There are two obvious options here: destroy previous versions or keep them. Both may be appropriate depending on the circumstances but there are some factors you should consider when making your decision.
Retaining previous or draft versions can occasionally be valid to document the thought process and discussion which led to the formulation of a particular decision or policy.
In this context keeping draft versions of important records such as a new policy document can be very useful both from an audit perspective and also from the ‘lessons learnt’ point of view helping to answer the “why did we do it that way?” type of questions long after people’s memory of the event has faded.
Of course if you do decide to retain draft versions, it is vital that their draft and superseded status is immediately clear. This is where separating ‘draft’ and ‘issue’ copies in two separate folders and the use of ‘watermarks’ as suggested before can be very useful.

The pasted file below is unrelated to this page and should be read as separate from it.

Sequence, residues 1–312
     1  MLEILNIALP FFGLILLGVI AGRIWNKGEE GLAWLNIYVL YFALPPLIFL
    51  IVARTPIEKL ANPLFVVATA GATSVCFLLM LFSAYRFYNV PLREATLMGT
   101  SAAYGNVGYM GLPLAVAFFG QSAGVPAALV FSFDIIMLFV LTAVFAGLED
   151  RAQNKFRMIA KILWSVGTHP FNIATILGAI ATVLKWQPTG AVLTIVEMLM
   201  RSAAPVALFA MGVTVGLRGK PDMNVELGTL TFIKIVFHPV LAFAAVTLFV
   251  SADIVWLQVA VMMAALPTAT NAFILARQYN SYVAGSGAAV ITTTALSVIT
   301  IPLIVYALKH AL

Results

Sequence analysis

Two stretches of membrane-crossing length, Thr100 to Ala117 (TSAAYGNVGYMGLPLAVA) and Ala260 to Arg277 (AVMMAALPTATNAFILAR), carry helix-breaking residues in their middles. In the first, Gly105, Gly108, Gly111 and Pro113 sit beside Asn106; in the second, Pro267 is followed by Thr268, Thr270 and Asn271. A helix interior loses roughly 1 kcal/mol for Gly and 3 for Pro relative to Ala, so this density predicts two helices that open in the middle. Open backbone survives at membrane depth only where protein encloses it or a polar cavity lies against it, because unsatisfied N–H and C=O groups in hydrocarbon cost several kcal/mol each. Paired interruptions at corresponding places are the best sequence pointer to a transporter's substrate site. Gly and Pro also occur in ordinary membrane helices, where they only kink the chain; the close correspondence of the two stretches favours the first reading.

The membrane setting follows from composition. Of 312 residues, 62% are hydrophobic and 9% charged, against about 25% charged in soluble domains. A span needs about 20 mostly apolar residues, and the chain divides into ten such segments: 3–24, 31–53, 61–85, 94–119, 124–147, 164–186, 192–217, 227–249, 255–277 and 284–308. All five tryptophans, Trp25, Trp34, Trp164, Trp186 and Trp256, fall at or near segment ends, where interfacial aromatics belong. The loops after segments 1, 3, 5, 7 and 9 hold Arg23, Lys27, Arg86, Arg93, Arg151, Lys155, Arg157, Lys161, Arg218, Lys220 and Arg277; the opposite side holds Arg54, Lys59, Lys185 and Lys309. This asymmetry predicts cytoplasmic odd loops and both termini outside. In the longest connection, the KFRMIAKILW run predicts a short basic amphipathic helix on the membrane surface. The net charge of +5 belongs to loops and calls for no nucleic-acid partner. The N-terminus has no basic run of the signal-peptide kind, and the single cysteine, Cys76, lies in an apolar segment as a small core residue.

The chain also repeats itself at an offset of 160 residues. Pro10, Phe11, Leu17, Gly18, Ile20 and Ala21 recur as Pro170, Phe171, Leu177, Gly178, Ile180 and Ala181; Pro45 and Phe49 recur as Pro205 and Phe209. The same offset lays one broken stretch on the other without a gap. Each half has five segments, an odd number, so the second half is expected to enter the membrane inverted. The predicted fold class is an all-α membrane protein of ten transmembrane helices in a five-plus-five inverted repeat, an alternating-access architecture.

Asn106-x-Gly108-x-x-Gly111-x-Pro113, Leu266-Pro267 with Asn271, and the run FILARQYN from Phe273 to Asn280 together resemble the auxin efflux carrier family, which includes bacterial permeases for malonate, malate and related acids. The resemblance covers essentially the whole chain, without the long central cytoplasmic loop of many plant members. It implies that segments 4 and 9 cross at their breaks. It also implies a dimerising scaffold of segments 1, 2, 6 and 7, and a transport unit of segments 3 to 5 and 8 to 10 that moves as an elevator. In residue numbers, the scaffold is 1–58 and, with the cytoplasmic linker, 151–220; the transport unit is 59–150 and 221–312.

You should also, however, consider that the Freedom of Information Act covers all information held by a public authority. It is therefore possible that you may have to release drafts as well as the final version if the request specifically asks for such information.
Where previous versions of a document included particularly contentious views which were subsequently rescinded, or simple errors which were later corrected, this may be something you wish to avoid. Minutes of meetings are a good example of where there is no benefit in retaining misrepresented accounts of the meeting after they have been corrected.
In practice in most circumstances it is usually more appropriate to destroy draft versions once the final version has been approved – after all, if their content had any real value this should have been reflected in the final version.
Doing so helps reduce the overall amount of information being held and removes the risk of people accessing the wrong version by mistake.